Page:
Many changes that may appear far from inked to sport had a direct effect on how sport was played, when sport was played, and how much more sport was encompassed into everyday life. The industrial revolution saw mass migration into the main urban, city areas of an area. In order for workers to travel to work and also for factories and mills to deliver their goods transport was developed quickly. This development helped towns and cities grow, and it also helped sport surge in popularity. Teams now had the option, and availability to travel to different towns and play teams from all over the country.
In return supporters were also allowed to travel and support their local team or factory team. This meant that more people could see sport and gain interest. This was helpful in encouraging people, which would increase participation levels. The ability to travel quickly and conveniently between towns and cities improved sporting contacts. As teams began to travel and play all over the country, people begin to find that that rules in certain areas were different. This caused much confusion for many of the participants, therefore the next stage in sport was to form untied ales and governing bodies.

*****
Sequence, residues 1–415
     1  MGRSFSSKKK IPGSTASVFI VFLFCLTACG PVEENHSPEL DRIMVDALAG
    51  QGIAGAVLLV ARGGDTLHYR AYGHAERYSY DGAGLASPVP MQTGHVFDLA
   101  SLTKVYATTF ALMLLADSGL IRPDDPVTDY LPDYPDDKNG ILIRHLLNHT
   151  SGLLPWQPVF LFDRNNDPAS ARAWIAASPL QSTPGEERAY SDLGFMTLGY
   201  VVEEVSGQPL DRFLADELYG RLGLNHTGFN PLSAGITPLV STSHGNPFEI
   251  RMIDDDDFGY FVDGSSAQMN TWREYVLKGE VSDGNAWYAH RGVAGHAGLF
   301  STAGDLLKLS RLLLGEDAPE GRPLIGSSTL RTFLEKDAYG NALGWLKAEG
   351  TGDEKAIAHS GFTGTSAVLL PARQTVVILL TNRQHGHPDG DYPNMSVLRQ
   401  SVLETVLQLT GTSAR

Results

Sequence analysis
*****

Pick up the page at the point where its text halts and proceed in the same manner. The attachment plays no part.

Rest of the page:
In 1888 the Football League was inaugurated with 12 founder clubs Accrediting, Gaston Villa, Blackburn Rovers, Bolton Wanderers, Burley, Derby County, Overtone, Not’s County, Preston North End, Stoke AC. (renamed Stoke City in 1 928), West Bromidic Albino and Yellowhammers Wanderers. This allowed the rules of football to be the same throughout England allowing a fairer more interesting game for spectators to be entertained. The development and change of free time allowed the people of Britain during the industrial revolution to participate within sport.